WEST TOWN — Neighborhood groups around the greater West Town area are pleading with City Council to not split their community into as many as six wards.
As a battle between the City Council’s Latino and Black caucuses heats up to decide Chicago’s political boundaries for the next decade, neighborhood leaders of the West Town area are pushing back against the Latino Caucus’ proposal.
Seeking to increase the number of Latino-majority wards to better reflect the city’s growing Latino population, the caucus released its proposed ward map last month, boosting the number of Latino-majority wards from 13 to 15.
The area is currently primarily served by four aldermen and would be served by six under the Latino Caucus’ map.
Under the Latino Caucus’ proposal, the area would be represented by wards 1, 27, 28, 32, 34 and 37. The 34th Ward is currently the Far South Side home of Ald. Carrie Austin, but it would be shifted north to account for population growth Downtown.
Sam Royko, who created the Greater West Town Community Coalition in response to a surge of carjackings in the area, said it’s imperative the area be served by as few wards as possible.
“Public safety is of significant concern in our area, and the idea of having to advocate with six different aldermen to get things done sounds daunting, even more daunting, and we’re already struggling to get those things,” he said. “Having the ward officers and the alderman having a specific interest in those neighborhoods, I think the closer they are to the neighborhoods, the more interested they are in representing them and representing their neighbors.”
The neighborhoods that make up West Town “seem to be an afterthought,” said Kimberly Shannon, president of the Ukrainian Village Neighborhood Association.
“We’re just kind of jury-rigged in with other aldermen who we do not believe will have the best interest of our neighborhoods in mind,” Shannon said. “Their focus is going to be elsewhere because we’re going to be such a small piece of each one of those” wards.
Shannon is represented by Ald. Brian Hopkins (2nd), who she said does a good job of responding to neighborhood concerns. Hopkins’ ward would shift completely east of the Chicago River under the Latino Caucus’ proposal.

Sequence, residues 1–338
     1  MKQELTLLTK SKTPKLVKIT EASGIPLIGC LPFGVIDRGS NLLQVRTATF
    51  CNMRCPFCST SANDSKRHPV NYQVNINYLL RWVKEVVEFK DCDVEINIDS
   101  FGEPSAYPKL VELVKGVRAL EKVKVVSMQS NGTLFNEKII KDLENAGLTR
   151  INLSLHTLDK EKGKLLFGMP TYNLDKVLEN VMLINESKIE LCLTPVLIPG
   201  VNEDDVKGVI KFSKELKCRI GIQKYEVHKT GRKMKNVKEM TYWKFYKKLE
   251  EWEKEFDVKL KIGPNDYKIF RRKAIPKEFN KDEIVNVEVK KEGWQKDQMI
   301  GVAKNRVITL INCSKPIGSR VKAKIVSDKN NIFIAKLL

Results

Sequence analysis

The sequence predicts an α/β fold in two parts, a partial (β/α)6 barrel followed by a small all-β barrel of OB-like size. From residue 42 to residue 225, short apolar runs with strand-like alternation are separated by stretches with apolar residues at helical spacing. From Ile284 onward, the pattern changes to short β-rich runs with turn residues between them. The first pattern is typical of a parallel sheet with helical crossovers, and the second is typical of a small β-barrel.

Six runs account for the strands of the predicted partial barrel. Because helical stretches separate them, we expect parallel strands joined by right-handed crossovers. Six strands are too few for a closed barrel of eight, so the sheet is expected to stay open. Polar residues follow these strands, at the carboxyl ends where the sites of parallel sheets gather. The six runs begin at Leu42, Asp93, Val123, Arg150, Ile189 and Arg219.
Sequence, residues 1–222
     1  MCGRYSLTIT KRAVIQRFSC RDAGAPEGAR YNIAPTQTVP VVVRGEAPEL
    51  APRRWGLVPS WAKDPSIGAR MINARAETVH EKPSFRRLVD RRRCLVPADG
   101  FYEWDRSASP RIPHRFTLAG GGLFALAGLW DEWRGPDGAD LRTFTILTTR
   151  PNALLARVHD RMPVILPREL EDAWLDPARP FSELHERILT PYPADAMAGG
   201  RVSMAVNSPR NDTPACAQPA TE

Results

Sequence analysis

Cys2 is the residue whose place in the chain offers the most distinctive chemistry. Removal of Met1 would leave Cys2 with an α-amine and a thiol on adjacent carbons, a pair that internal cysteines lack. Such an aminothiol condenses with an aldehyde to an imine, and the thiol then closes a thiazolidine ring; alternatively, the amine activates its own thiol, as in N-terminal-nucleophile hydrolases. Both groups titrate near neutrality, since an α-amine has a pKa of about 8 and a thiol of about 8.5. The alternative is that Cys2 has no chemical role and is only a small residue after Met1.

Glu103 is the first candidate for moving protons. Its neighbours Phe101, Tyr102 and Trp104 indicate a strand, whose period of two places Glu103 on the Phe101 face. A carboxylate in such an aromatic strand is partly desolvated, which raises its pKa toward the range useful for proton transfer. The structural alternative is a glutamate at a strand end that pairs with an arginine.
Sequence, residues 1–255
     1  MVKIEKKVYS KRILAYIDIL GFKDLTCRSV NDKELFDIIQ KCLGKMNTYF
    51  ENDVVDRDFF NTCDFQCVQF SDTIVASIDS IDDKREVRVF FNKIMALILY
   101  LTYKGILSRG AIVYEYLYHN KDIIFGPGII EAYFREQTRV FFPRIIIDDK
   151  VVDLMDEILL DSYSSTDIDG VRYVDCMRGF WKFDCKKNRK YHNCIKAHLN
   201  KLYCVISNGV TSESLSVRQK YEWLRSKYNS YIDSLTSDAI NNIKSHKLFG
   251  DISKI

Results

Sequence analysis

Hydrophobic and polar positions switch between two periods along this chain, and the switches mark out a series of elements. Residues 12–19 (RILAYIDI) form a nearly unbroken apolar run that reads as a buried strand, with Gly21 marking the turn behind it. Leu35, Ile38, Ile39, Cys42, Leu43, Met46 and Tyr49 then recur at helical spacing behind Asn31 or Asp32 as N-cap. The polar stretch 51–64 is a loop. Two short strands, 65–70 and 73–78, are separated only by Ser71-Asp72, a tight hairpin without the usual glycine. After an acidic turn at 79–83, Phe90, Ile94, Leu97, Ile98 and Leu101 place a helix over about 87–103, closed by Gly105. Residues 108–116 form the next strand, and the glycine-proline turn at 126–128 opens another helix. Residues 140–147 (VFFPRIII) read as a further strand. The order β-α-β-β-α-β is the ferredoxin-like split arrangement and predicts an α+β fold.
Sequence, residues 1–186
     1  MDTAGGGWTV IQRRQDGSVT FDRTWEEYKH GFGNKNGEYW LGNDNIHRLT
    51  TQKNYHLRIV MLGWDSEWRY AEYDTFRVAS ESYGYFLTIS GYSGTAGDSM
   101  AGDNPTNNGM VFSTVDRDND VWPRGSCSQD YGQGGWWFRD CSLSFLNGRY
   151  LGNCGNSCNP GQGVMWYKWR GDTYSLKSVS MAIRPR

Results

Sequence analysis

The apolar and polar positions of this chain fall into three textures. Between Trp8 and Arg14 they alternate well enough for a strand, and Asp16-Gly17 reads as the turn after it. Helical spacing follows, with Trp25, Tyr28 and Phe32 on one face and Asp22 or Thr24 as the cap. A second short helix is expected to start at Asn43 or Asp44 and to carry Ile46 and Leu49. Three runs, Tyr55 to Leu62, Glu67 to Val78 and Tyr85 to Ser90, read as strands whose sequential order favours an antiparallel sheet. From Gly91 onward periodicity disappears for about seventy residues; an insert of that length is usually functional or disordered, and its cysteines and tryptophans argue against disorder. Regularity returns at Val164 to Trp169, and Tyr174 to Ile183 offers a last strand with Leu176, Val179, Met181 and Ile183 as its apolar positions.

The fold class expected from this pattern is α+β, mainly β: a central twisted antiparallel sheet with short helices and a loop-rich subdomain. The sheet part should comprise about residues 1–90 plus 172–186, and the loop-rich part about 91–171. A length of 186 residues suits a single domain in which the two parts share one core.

Royko, Shannon and other neighborhood association leaders in the area sent a letter to all 50 alderpeople, Mayor Lori Lightfoot’s office and the council’s various caucuses. It was signed by eight local groups, including the East Village Association, Wicker Park Committee, Wicker Park Advisory Council and the Chicago Grand Neighbors Association.
The neighborhood groups define the West Town boundaries as Grand Avenue to Bloomingdale Avenue and Western Avenue to the expressway. One small section in the heart of West Town, from Grand to Division, would be represented by four wards.
Residents in other areas of the city have shared similar concerns over their communities having too many representatives. Englewood neighbors are organizing to reduce the aldermen representing the South Side neighborhood, which has been carved into six wards.
Shannon said she supports an independent map put forward by the Chicago Advisory Redistricting Commission, a group of residents who want a “people’s map” outside the influence of politicians. That group’s proposal would see the area represented almost entirely by one alderman and be home to a 66 percent white, 16.7 percent Latino, 8.3 percent Asian and 6.9 percent Black population.
The final version of the independent map includes 15 majority Black wards, 14 majority Latino, 14 majority white wards and one majority Asian ward. Four wards would have a plurality of white residents, with two a plurality of Latino residents.
But it’s uncertain if the independent map will get support from City Council. Members of the Black Caucus, led by Ald. Jason Ervin (28th), have held firm that any new map must maintain 18 majority Black wards, despite a decrease in the city’s Black population.
The six wards that would represent the West Town area under the Latino Caucus map would likely be more diverse, with several spanning farther into the West and Northwest sides, which are home to a larger percentage of Black and Latino residents.
Ald. Gilbert Villegas (36th), chairman of the Latino Caucus, said the Latino Caucus’ map was crafted by “strictly using the data” of Chicago’s changing demographics, and it could be amended as negotiations heat up to craft a map that can garner 41 votes in City Council.
“It’s not the final result; it’s just a version of a map,” Villegas said. “But the reality is, there’s 77 communities, but there’s not 77 aldermen. They’ll be multiple aldermen that are representing a portion of a community.”
The new map must divide Chicago’s 2,746,388 residents into 50 roughly equal wards of about 55,000 residents. The wards must also adhere to laws that protect the representation rights of minorities to avoid being overturned by a legal challenge.
City Council’s Rules Committee is set to kick off the first of three public hearings on the remapping process on Tuesday. To avoid a special election where Chicago voters would decide between competing maps in a referendum, City Council must approve a new map with at least 41 votes by Dec. 1.
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